Despite the suspension of some activities because of the political chaos, demonstrations, marches, violence and food shortages, priests in the Diocese of Venezuela are getting on with their everyday pastoral work.
The Church has decided to stay out of politics and engage in direct work in communities, as the Diocesan Treasurer, the Rev. Jose Francisco Salazar explains:
“We try to support everything that is beneficial to the community while respecting all ideologies of the people,” he says. “We have tried, as far as possible, not to get involved in political matters, but to help and respect the dignity of human beings. That has been our north. And Bishop Orlando has been very clear on this.”
Recent economic and political measures have led to a shortage of basic foods and medicines. The International Monetary Fund forecasts that inflation in Venezuela will reach 720% this year and, unless things improve, could reach 2.200% by 2017. The New York Times reported last month that the lack of basic medicines and water shortages in some public hospitals, meant operating theatres were not being cleaned after surgery.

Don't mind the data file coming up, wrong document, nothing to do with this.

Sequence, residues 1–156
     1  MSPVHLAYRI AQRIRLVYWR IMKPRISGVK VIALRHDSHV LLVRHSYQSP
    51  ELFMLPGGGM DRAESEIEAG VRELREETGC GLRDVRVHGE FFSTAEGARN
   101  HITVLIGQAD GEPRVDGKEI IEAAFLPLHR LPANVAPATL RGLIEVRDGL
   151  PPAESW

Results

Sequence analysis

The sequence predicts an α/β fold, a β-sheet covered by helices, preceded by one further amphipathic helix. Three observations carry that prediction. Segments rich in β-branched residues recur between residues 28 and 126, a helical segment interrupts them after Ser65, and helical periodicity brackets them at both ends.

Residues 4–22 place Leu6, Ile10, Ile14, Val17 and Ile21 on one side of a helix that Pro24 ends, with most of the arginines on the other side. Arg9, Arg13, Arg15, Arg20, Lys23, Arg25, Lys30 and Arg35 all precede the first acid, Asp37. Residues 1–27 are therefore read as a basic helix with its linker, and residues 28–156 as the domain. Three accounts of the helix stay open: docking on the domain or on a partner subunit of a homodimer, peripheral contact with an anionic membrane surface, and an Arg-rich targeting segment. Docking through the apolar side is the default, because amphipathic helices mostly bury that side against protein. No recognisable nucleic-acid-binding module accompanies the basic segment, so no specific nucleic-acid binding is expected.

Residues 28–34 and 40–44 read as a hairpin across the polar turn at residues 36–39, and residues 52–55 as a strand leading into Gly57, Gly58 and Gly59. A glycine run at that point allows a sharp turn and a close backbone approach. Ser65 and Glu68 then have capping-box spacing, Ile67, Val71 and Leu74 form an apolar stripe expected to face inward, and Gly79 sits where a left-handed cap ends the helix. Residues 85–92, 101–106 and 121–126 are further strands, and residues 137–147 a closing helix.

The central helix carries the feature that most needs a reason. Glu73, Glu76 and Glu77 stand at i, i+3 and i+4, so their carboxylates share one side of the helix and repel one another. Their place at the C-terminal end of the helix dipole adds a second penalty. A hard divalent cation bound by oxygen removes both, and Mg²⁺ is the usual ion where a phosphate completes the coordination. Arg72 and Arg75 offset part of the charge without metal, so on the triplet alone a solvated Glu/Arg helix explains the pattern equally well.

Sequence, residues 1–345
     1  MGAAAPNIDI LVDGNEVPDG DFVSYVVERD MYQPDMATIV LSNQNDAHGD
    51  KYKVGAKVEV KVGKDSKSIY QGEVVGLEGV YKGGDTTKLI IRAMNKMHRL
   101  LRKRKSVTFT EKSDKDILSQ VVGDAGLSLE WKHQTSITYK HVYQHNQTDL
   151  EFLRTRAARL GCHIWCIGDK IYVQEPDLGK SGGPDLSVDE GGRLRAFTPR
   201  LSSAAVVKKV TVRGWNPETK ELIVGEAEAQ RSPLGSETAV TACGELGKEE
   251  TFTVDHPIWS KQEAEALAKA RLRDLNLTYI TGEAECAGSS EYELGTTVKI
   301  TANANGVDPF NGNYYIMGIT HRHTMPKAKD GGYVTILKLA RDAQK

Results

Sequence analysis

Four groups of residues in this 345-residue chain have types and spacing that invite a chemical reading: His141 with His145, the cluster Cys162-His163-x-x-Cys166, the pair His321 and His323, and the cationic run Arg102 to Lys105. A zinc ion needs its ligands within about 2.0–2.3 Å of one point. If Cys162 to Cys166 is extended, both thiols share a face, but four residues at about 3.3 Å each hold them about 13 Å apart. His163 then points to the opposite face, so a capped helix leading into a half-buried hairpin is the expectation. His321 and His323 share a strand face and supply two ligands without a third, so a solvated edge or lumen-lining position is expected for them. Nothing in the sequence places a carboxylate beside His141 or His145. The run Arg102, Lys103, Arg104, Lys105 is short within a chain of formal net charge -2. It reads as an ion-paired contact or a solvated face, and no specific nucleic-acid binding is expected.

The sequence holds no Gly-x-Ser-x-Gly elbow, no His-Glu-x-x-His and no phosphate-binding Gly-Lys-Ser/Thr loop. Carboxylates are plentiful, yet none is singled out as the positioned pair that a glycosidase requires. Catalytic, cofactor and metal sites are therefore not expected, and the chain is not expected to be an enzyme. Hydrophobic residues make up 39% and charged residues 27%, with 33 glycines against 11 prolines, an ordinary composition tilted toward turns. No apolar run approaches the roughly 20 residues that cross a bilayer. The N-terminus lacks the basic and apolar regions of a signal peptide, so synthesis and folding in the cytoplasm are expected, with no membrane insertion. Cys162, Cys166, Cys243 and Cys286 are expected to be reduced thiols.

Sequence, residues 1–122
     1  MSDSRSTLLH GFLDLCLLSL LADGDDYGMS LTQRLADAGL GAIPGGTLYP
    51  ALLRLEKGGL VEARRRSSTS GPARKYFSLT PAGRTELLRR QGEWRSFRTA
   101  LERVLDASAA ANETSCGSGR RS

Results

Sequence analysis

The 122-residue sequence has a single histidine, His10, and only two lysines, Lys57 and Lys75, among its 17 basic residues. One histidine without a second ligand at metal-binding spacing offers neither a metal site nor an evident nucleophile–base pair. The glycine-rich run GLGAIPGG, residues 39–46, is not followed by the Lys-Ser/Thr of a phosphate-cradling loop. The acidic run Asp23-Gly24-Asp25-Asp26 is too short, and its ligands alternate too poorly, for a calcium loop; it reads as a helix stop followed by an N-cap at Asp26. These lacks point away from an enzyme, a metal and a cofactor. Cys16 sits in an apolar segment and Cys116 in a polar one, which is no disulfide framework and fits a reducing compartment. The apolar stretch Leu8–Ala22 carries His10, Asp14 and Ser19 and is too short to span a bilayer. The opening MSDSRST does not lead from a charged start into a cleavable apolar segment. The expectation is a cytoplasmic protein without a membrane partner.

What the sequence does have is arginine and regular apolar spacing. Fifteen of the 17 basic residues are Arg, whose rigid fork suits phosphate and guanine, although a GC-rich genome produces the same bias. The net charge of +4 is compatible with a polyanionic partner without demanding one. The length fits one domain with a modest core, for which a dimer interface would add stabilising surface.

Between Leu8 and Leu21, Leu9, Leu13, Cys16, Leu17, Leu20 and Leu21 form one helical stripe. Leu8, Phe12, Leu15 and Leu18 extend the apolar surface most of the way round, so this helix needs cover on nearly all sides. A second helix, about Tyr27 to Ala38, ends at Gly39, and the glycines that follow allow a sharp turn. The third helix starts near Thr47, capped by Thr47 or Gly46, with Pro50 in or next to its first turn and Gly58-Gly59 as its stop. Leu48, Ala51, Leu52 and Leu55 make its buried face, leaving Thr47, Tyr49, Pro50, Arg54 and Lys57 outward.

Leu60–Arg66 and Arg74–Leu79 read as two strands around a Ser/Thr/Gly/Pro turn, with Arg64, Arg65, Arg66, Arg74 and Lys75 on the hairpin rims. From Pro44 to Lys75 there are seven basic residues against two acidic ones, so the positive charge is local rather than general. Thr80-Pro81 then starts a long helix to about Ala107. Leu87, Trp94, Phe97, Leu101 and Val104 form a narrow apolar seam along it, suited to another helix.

To fulfil its social mission and promote mutual help in communities, Episcopal parishes have organised a support network to locate basic food and medicine. Parishioners take turns to go to supermarkets and pharmacies and then communicate what necessities are available in each area. In churches, people write down what medicine they need, information is then shared on the network and then, if the medicine is found, it is bought – even if that is in another city.
“The Church is trying not to lose its prophetic role and is avoiding falling into politics,” says Rev. Salazar. “We prefer that people feel that their priests are with them, they are not the elite who live outside but they live among them and suffer as they do.”
His statement is reflected in the story of Bishop Orlando Guerrero himself, who suffers from diabetes and, like all parishioners, gets his medicine through the network of parishes.
In April the Venezuelan government reduced the working week to three days for public employees and four for private workers. In response, when someone in the congregation is not working, they now offer their day for this work in the parish.
The Church tries to respond to the reality of the country, the Rev. Salazar says, “We have had to mediate in some cases; in others, we counsel families of victims of abuse and violence. Sundays are generally respected. There are almost no protests, and so services are offered on a regular basis. ”
Adapted from The Anglican Communion News Service